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Research Evidence on the Use of Learning Analytics: Implications for Education Policy

Report coverThe final report on our study of learning analytics for European educational policy (LAEP) is now out.

Research Evidence on the Use of Learning Analytics: Implications for Education Policy brings together the findings of a literature review; case studies; an inventory of tools, policies and practices; and an expert workshop.

The report also provides an Action List for policymakers, practitioners, researchers and industry members to guide work in Europe.

Learning Analytics: Action List

Policy leadership and governance practices

  • Develop common visions of learning analytics that address strategic objectives and priorities
  • Develop a roadmap for learning analytics within Europe
  • Align learning analytics work with different sectors of education
  • Develop frameworks that enable the development of analytics
  • Assign responsibility for the development of learning analytics within Europe
  • Continuously work on reaching common understanding and developing new priorities

Institutional leadership and governance practices

  • Create organisational structures to support the use of learning analytics and help educational leaders to implement these changes
  • Develop practices that are appropriate to different contexts
  • Develop and employ ethical standards, including data protection

Collaboration and networking

  • Identify and build on work in related areas and other countries
  • Engage stakeholders throughout the process to create learning analytics that have useful features
  • Support collaboration with commercial organisations

Teaching and learning practices

  • Develop learning analytics that makes good use of pedagogy
  • Align analytics with assessment practices

Quality assessment and assurance practices

  • Develop a robust quality assurance process to ensure the validity and reliability of tools
  • Develop evaluation checklists for learning analytics tools

Capacity building

  • Identify the skills required in different areas
  • Train and support researchers and developers to work in this field
  • Train and support educators to use analytics to support achievement

Infrastructure

  • Develop technologies that enable development of analytics
  • Adapt and employ interoperability standards

Other resources related to the LAEP project – including the LAEP Inventory of learning analytics tools, policies and practices – are available on Cloudworks.

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Developing a strategic approach to MOOCs

german-refOur introductory article for the JIME special issue on MOOCs focused on the research work carried out in the area by UK universities who are FutureLearn partners.

‘Developing a strategic approach to MOOCs’ uses the work carried out at these universities to identify nine priority areas for MOOC research and how these can be developed in the future:

  1. Develop a strategic approach to MOOCs.
  2. Expand the benefits of teaching and learning in MOOCs.
  3. Offer well-designed assessment and accreditation.
  4. Widen participation and extend access.
  5. Develop and make effective use of appropriate pedagogies.
  6. Support the development of educators.
  7. Make effective use of learning design.
  8. Develop methods of quality assurance.
  9. Address issues related to privacy and ethics.

Ferguson, Rebecca; Scanlon, Eileen and Harris, Lisa (2016). Developing a strategic approach to MOOCs. Journal of Interactive Media in Education, 2016(1), article no. 21.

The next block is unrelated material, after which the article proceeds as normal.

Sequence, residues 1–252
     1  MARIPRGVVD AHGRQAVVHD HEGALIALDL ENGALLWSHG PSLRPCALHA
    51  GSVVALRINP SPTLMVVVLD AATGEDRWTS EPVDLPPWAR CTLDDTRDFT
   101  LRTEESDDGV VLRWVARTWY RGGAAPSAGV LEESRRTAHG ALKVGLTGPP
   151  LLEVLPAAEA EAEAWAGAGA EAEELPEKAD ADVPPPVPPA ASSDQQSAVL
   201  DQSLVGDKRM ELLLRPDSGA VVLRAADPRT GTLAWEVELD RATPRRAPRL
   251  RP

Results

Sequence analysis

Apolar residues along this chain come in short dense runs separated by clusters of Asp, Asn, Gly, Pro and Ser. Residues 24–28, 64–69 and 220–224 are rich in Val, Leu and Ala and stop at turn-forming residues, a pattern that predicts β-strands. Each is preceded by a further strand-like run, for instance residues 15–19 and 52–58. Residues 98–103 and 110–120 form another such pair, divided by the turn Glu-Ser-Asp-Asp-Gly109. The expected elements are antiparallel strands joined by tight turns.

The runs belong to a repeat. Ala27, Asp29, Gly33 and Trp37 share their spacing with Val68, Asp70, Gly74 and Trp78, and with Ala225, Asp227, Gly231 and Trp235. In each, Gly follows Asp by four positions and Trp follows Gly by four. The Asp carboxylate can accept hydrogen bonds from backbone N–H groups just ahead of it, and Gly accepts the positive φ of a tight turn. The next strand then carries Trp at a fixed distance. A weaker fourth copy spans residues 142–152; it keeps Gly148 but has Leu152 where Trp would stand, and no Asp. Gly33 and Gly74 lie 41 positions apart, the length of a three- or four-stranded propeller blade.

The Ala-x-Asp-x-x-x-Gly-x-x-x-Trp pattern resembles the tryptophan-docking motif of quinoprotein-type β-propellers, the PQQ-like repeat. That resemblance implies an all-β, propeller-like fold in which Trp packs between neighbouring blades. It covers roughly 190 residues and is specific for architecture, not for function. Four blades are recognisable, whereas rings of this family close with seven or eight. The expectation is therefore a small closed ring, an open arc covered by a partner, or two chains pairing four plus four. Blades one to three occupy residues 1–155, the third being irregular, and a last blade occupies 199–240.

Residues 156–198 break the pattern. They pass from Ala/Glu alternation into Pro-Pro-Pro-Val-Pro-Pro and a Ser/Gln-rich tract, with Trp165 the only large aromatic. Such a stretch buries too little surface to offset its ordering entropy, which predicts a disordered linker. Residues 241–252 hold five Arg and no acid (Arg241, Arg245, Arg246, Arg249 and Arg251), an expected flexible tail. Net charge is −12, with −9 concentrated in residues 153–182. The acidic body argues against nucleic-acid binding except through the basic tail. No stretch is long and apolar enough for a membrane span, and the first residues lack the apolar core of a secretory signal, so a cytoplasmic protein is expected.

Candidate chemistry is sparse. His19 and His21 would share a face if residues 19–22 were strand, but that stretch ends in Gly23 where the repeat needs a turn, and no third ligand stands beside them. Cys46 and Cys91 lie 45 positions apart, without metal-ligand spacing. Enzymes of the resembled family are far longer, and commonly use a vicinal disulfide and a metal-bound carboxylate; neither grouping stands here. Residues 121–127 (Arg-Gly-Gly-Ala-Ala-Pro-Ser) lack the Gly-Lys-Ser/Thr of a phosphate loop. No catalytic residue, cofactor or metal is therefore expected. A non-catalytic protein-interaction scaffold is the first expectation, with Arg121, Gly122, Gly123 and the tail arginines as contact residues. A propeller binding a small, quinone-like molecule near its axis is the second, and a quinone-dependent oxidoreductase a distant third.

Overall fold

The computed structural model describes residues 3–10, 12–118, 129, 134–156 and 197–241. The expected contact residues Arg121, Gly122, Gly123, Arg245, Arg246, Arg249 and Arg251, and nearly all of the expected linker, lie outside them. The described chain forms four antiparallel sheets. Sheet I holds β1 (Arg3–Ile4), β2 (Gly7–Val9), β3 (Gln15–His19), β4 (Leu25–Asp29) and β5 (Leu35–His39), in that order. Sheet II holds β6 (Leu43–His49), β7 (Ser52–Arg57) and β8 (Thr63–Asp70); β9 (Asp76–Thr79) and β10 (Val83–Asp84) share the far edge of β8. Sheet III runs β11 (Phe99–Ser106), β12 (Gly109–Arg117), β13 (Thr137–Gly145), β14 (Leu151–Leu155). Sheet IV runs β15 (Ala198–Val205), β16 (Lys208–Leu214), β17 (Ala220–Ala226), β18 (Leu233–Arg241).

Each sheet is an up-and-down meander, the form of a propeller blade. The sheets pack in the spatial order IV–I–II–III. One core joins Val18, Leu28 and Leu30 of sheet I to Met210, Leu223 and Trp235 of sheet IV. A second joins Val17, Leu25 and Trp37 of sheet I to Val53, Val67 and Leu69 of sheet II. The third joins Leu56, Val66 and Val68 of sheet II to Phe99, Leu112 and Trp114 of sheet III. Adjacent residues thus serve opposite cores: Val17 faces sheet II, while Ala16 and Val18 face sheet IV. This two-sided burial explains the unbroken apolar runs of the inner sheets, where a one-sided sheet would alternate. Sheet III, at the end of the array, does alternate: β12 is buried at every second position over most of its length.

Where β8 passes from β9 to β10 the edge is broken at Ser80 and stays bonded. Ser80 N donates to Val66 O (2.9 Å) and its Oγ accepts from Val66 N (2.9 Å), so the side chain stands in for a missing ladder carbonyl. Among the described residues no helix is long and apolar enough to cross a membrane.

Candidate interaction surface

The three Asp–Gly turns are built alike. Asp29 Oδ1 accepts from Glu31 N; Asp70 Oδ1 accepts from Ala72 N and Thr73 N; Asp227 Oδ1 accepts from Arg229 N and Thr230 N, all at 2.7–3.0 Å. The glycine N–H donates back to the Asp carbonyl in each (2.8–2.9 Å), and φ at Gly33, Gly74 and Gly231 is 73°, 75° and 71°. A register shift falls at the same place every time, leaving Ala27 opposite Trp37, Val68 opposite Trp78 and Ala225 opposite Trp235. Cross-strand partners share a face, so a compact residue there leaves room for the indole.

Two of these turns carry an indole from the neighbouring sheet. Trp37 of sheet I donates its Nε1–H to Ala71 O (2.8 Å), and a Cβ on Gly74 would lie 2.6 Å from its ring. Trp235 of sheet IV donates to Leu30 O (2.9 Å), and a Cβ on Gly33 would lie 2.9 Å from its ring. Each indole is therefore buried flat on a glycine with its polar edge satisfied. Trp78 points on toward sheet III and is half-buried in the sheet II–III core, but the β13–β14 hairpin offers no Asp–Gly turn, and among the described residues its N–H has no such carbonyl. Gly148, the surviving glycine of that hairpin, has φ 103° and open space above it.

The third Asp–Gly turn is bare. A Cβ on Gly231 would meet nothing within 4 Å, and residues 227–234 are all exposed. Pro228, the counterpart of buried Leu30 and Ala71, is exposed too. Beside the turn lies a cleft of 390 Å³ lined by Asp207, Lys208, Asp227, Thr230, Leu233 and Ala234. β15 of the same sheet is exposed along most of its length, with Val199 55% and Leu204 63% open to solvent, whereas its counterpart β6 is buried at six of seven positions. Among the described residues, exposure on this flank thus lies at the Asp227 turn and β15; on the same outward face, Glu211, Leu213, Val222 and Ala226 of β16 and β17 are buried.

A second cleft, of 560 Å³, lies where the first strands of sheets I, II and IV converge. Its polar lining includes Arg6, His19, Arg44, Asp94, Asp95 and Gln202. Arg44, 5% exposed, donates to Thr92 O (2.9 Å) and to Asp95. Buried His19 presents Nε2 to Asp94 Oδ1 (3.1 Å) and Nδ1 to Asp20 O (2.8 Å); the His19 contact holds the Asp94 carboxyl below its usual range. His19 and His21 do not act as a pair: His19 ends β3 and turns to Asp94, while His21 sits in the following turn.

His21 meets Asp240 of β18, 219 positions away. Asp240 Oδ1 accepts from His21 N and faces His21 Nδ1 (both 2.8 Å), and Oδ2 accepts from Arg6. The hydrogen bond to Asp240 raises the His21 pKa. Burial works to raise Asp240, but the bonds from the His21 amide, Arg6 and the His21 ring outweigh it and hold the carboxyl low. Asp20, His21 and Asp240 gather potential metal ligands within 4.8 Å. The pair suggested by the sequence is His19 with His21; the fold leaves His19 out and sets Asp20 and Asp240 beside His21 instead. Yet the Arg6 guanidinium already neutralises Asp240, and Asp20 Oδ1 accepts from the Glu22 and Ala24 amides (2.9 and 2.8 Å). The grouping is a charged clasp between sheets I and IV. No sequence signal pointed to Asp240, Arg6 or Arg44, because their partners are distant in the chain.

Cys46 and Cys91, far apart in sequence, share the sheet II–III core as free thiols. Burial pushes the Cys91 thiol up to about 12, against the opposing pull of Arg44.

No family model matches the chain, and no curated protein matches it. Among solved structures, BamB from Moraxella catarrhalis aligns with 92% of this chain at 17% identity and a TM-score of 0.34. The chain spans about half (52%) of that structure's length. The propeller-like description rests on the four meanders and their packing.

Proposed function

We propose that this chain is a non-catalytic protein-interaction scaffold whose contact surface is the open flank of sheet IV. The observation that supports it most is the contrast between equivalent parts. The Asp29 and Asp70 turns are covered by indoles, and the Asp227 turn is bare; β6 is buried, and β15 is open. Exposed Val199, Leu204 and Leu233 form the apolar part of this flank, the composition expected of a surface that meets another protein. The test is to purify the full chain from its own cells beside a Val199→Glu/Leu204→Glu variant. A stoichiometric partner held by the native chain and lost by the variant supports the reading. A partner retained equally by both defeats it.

Abstract

During the last eight years, interest in massive open online courses (MOOCs) has grown fast and continuously worldwide. Universities that had never engaged with open or online learning have begun to run courses in these new environments. Millions of learners have joined these courses, many of them new to learning at this level. Amid all this learning and teaching activity, researchers have been busy investigating different aspects of this new phenomenon. In this contribution we look at one substantial body of work, publications on MOOCs that were produced at the 29 UK universities connected to the FutureLearn MOOC platform. Bringing these papers together, and considering them as a body of related work, reveals a set of nine priority areas for MOOC research and development. We suggest that these priority areas could be used to develop a strategic approach to learning at scale. We also show how the papers in this special issue align with these priority areas, forming a basis for future work.

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Researching MOOCs: JIME special issue

I was one of the editors of a special issue of the Journal of Interactive Media in Education (JIME) on Researching MOOCs. The special issue draws on the work of the FutureLearn Academic Network (FLAN), which is made up of academics st universities that are FutureLearn partners.

Other editors were Eileen Scanlon (The Open University) and Lisa Harris (University of Southampton).

The special issue contains five papers.

Contents page

 

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Innovating Pedagogy 2016

Great to see this year’s Innovating Pedagogy 2016 report out. This report, which I co-author with others at The Open University, highlights ten trends that will impact education over the next decade. These include Design Thinking, Productive Failure, Formative Analytics and Translanguaging. The report also presents evidence to inform decisions about which pedagogies to adopt. The pedagogies range from ones already being tested in classrooms, such as learning through video games, to ideas for the future, like adapting blockchain technology for trading educational reputation.